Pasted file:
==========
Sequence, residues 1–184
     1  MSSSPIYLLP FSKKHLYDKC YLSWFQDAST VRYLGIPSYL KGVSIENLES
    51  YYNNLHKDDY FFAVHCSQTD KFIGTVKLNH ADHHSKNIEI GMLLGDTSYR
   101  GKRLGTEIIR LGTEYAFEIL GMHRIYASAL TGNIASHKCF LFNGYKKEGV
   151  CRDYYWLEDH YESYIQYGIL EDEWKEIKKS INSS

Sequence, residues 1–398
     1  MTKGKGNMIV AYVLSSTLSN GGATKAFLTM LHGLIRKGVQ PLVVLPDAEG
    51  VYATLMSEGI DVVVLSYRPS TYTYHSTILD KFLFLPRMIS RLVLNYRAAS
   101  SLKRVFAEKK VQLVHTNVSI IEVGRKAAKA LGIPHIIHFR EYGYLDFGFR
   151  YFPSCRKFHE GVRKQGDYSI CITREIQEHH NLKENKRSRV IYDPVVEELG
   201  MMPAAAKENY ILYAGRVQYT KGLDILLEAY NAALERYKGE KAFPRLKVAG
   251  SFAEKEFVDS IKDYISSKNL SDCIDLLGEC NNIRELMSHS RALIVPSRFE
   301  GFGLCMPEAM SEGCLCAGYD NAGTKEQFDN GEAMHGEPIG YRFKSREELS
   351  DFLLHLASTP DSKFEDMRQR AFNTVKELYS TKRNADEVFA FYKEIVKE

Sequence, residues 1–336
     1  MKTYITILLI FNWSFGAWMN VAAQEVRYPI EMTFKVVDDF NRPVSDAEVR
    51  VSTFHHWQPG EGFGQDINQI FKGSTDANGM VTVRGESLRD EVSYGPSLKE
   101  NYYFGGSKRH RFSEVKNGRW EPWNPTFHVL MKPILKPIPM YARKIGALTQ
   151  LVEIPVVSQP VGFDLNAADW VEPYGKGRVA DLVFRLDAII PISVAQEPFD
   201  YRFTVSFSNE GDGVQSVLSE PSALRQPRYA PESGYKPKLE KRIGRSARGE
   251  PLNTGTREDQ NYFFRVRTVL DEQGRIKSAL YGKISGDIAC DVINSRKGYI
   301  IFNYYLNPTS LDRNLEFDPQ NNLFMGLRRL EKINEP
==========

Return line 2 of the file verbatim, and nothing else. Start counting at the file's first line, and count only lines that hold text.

     1  MSSSPIYLLP FSKKHLYDKC YLSWFQDAST VRYLGIPSYL KGVSIENLES